More Signs of Dutch Spring…

Besides all the newly-arrived migrating birds, freshly-hatched goslings, and nesting grebes, here are some additional signs that spring is on its way in South Holland.

There was at least a half dozen jackdaws on this gnarled tree trunk Saturday morning noisily trying to stake out one of a few cavities that might be suitable for nesting.


Here’s one jackdaw enthusiastically gathering nesting material.


And here’s that same jackdaw right after it has deposited that nesting material behind an ornamental grate in the side of the TU Delft Architecture building. There were about a dozen of these grates in that brick wall, and I could see birds or nesting signs in each one. I don’t know what humans intended the grates for, but the birds sure are putting them to good use.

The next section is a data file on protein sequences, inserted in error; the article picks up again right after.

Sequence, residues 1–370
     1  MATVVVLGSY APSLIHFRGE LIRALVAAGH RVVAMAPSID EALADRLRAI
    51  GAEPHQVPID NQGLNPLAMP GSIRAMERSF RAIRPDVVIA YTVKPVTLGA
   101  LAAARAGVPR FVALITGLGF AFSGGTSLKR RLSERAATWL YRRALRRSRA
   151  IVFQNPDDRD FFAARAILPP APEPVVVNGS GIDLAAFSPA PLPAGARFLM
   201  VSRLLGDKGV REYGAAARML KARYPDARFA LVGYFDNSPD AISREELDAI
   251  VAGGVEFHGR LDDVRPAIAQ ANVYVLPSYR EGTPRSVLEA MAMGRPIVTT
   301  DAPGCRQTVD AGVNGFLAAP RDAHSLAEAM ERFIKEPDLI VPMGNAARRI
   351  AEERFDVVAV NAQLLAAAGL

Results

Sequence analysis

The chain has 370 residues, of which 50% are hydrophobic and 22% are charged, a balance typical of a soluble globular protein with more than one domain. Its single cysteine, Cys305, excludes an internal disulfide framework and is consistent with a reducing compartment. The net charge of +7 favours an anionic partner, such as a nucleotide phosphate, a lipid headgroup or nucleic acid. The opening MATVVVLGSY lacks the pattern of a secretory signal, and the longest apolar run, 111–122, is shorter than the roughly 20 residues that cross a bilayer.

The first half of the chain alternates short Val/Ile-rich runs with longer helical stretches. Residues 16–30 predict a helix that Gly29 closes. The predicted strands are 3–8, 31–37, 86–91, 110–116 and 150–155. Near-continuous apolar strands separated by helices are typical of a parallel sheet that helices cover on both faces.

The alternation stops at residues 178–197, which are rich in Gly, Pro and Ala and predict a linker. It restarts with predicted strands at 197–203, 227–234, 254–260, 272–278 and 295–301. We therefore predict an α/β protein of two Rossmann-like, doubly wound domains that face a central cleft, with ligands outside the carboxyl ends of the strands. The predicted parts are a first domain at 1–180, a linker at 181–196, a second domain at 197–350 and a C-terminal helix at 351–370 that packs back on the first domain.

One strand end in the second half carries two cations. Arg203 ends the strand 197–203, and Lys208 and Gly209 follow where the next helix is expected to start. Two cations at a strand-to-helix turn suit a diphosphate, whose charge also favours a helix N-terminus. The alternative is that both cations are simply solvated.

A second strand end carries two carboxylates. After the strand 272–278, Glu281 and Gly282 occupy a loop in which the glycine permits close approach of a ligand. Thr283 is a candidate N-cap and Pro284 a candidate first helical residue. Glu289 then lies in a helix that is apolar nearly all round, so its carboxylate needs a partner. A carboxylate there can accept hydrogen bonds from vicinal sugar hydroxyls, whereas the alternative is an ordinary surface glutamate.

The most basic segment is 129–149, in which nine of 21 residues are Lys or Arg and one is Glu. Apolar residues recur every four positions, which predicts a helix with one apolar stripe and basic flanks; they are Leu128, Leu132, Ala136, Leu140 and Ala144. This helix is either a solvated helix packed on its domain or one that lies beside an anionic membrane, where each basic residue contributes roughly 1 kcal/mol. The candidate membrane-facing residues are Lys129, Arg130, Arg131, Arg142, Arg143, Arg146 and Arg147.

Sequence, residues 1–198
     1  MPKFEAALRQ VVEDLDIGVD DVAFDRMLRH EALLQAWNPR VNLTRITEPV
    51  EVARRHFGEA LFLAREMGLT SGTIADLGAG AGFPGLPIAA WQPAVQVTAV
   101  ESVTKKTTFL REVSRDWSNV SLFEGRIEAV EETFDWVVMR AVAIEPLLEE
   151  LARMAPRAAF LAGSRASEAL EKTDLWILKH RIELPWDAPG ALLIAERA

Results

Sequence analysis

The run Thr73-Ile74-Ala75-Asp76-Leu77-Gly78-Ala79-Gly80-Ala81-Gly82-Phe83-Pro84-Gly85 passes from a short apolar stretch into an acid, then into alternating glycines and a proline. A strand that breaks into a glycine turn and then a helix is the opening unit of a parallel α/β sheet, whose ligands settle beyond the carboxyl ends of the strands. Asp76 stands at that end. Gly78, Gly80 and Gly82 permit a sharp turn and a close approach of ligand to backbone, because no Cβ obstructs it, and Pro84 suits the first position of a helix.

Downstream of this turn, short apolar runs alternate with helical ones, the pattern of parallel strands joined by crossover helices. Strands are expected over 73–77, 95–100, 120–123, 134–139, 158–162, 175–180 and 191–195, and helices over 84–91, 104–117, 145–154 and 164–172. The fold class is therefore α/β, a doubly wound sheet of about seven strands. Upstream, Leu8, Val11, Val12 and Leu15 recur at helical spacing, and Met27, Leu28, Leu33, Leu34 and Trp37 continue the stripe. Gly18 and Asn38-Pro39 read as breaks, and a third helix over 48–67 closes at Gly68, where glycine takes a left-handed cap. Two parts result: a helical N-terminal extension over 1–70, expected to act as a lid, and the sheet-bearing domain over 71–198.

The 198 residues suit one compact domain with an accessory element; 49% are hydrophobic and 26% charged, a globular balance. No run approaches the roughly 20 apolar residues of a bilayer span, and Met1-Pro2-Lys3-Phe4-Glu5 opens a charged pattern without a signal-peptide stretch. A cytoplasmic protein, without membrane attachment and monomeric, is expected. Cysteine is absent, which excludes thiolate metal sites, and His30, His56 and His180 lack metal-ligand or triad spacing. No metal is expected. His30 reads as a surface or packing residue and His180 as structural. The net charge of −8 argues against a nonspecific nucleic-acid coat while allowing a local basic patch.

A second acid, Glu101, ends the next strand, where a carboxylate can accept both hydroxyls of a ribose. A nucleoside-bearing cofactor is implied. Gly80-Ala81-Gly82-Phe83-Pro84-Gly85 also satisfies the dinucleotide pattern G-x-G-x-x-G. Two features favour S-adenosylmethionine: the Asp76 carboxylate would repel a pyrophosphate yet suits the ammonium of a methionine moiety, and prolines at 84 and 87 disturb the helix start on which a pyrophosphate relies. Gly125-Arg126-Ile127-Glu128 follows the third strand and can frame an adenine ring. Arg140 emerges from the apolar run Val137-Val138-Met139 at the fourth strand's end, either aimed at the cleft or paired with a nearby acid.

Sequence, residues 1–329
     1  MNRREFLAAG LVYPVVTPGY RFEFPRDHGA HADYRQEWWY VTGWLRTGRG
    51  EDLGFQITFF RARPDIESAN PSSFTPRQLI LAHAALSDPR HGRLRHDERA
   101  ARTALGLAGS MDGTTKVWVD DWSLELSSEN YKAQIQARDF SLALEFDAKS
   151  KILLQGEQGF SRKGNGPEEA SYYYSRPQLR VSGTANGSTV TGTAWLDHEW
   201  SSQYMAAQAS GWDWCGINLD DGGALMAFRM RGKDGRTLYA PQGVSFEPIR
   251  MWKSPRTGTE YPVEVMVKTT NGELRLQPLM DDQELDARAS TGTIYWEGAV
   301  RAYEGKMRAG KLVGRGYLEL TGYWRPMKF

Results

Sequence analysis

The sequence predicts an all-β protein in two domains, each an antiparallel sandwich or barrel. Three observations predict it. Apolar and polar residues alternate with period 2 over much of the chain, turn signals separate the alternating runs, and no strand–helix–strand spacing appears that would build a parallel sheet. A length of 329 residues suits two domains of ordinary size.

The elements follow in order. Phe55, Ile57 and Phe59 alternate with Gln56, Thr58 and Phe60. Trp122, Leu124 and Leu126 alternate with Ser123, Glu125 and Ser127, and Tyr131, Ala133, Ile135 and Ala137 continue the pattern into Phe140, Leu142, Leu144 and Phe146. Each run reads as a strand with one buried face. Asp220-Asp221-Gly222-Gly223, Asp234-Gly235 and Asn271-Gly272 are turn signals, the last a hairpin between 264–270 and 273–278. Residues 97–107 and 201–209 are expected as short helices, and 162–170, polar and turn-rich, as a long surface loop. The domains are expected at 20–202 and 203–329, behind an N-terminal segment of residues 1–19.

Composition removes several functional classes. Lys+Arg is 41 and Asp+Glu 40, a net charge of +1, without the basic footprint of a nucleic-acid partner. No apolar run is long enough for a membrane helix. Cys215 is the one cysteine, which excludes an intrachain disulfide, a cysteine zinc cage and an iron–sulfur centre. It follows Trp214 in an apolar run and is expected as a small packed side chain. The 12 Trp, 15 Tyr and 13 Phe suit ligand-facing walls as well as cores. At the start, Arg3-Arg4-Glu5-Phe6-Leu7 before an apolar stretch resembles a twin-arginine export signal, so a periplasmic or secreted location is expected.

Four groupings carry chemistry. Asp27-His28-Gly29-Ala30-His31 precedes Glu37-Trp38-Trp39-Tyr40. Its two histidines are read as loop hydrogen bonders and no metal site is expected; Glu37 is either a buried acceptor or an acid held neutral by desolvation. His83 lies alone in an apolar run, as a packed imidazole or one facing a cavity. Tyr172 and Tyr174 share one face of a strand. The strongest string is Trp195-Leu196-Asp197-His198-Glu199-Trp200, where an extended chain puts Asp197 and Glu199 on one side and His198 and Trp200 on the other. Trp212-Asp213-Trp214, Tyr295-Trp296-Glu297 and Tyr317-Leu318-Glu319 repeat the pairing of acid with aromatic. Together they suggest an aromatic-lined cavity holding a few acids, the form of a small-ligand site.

Meanwhile, at the top of the tower above that same Architecture building, the peregrine falcons sound like they are getting busy with the same task. I imagine that they may find the generous supply of jackdaws immediately below quite handy in the coming weeks.


Finally, there is a willow tree in front of the building on campus where I work that leans out over the same body of water on which I showed you the goslings swimming, and it must have a cavity or two that rose-ringed parakeets (Psittacula krameri) find enticing, because there has been at least a pair, and often several pairs, flitting from branch to branch and chattering loudly to each other for the past week. Fortunately for us, they are so engrossed in this activity that they let us get a good look at their namesake rose-colored neck ring for the first time.


Published by Andrew Dressel

Theoretical and Applied Bicycle Mechanic, and now, apparently, Amateur Naturalist. In any case, my day job is teaching mechanics at UWM.

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